Despite being a critical business for all countries in the world, construction projects cause high injury risk. According to van der Molen et al. [24], the vast majority of technical and human factors and organizational interventions recommended by standard safety textbooks, consultants and safety courses, have not been adequately evaluated. To assess the effectiveness of interventions for preventing work related injuries among construction workers, a systematic review was conducted using published findings from the earliest available dates through June 2006. Findings from a safety-campaign study and a drug-free-workplace study indicated that both interventions significantly reduced the level and the trend of incidents. Three studies evaluating legislation did not find decreased levels of non-fatal or fatal injuries in the construction industry [25]. In a more recent systematic review on 17 interventional studies (14 interrupted time series and 3 before-after studies) collected up to 1 April 2017, a significant effect was measured in the year immediately after the intervention and a sustained effect was assessed as change in time trend before and after the intervention. The association between regulatory measures at national and local level and immediate as well as sustained effect on fatal and non-fatal occupational events was also not consistent and safety training did not translate into a significant reduction of non-fatal injuries. Economic incentives to companies may reduce the rates of non-fatal injuries from falls, and multifaced interventions may significantly decrease the initial and sustained incident rate at company level, albeit not at regional scale. Whilst a multifaced drug-free workplace intervention at company level might have decreased non-fatal injuries in the year following the implementation and to smaller extent also in the subsequent years, the implementation of occupational health services did not reduce fatal and non-fatal events [26].
Besides the construction industry, agriculture was the other main area of concern for occupational fatalities in the present study. Accordingly, among 335,000 yearly fatal occupational injuries worldwide, 170,000 were agricultural workers [27]. In a systematic review on interventional studies in agriculture up to June 2006, three randomized controlled trials on 4670 adult participants and two RCT on 6895 children participants did not show any significant reduction of the rates of occupational incidents. While educational interventions may not significantly decrease agriculture injuries, monetary incentives may be effective in reducing them [28]. Regulations enforcing the introduction of protective devices on all tractors in Sweden were not beneficial in reducing fatal injuries, while the same measures for new tractor machines did translate into fewer fatal events [29].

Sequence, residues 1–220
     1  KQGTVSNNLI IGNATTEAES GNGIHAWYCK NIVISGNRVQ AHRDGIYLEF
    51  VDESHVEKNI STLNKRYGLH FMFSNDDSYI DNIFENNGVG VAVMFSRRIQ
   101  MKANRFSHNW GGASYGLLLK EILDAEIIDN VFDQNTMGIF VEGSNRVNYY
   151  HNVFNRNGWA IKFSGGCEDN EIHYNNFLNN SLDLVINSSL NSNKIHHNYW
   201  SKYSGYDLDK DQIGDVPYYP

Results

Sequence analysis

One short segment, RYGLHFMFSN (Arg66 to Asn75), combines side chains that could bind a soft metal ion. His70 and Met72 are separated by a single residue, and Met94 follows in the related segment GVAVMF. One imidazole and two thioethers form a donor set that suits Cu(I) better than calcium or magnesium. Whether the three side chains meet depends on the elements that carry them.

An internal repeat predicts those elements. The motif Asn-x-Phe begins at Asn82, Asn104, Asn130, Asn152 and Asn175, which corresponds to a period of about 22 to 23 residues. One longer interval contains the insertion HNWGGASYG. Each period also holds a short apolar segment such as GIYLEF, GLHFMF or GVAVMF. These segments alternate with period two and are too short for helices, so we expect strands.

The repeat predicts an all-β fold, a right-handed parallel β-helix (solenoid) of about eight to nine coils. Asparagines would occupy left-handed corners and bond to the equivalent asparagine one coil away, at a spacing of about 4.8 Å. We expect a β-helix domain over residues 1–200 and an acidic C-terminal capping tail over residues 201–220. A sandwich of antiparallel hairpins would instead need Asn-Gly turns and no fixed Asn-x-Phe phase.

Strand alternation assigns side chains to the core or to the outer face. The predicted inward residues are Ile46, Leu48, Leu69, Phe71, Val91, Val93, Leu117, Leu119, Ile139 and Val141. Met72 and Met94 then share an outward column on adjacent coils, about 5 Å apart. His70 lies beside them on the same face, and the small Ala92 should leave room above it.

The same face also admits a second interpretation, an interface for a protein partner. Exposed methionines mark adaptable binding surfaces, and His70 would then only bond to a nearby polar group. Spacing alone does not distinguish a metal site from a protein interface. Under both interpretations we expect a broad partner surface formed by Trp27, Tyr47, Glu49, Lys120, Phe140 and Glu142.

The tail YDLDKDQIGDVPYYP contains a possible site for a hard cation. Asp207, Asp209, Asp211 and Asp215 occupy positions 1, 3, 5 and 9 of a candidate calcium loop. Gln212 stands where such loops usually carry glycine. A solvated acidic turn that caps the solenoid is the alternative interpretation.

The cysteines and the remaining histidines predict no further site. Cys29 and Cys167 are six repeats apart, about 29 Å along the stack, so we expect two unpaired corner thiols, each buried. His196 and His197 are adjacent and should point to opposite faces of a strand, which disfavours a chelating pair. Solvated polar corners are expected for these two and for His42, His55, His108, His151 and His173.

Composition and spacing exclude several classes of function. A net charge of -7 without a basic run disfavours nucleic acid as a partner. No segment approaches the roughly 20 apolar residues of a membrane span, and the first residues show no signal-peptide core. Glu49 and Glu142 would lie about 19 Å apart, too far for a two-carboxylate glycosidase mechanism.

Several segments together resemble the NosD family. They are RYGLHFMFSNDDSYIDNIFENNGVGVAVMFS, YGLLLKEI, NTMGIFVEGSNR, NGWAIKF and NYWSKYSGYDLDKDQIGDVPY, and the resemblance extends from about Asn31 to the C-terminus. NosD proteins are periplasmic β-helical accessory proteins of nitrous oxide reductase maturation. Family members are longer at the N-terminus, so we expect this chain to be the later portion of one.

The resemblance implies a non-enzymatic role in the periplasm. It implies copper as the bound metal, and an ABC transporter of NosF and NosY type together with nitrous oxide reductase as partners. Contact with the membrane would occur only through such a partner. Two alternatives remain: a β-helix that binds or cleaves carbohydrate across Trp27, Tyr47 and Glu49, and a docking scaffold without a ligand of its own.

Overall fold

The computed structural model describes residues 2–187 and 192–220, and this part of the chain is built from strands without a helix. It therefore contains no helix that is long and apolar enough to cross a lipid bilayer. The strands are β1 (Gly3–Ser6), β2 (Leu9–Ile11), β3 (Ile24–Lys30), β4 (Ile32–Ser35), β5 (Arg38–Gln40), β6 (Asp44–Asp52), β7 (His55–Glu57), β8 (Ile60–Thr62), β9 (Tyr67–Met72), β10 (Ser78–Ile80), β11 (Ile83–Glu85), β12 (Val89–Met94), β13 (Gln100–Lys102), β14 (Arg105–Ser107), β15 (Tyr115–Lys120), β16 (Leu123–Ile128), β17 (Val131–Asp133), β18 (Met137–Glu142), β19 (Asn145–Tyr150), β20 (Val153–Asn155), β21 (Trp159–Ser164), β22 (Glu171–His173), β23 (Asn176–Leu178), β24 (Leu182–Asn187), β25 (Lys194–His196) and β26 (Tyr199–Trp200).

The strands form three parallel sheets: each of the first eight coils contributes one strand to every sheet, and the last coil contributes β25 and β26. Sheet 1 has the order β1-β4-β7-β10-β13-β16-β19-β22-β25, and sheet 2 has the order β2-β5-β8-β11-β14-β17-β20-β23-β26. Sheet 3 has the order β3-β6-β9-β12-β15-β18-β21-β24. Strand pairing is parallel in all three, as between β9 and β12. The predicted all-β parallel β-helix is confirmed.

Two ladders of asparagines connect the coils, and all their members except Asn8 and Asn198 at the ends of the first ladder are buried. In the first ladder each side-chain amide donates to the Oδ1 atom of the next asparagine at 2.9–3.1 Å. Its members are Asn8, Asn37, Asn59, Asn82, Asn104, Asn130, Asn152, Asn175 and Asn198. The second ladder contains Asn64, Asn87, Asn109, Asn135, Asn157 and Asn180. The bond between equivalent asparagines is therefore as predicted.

5. Conclusions

5.1. Limitations

The risk of occupational injuries increases with work-related factors along with individual factors such as age, sex and smoking [30,31,32], physical inactivity and obesity [33,34] and pre-existing conditions [31,33,35,36] including diabetes [37]. Human factors also include workers’ action/behavior related to safety, skills, communication and available supervision, inter-personal and hierarchical relationships, corporate context, unions, internal and external work competition, etc. [14]. The role of personal factors could not be confirmed in the present study because, besides age and sex, the database does not contain information on a worker’s individual characteristics. However, the confounding role of these factors was likely consistent throughout the study period as shown by one observation—falls from height, heavy loads falling on workers and vehicles losing control—occurring with similar percentages between the two time windows.
The ratio between events recorded in a population sample (numerator) and subjects in the same sample (denominator) with simultaneous assessment of time at risk permits a comparison of work-related incidents among quantitatively different samples of population. However, the lack of denominators allows only a simple statistical analysis (percentages). These findings therefore need further confirmation in studies with precise denominator information.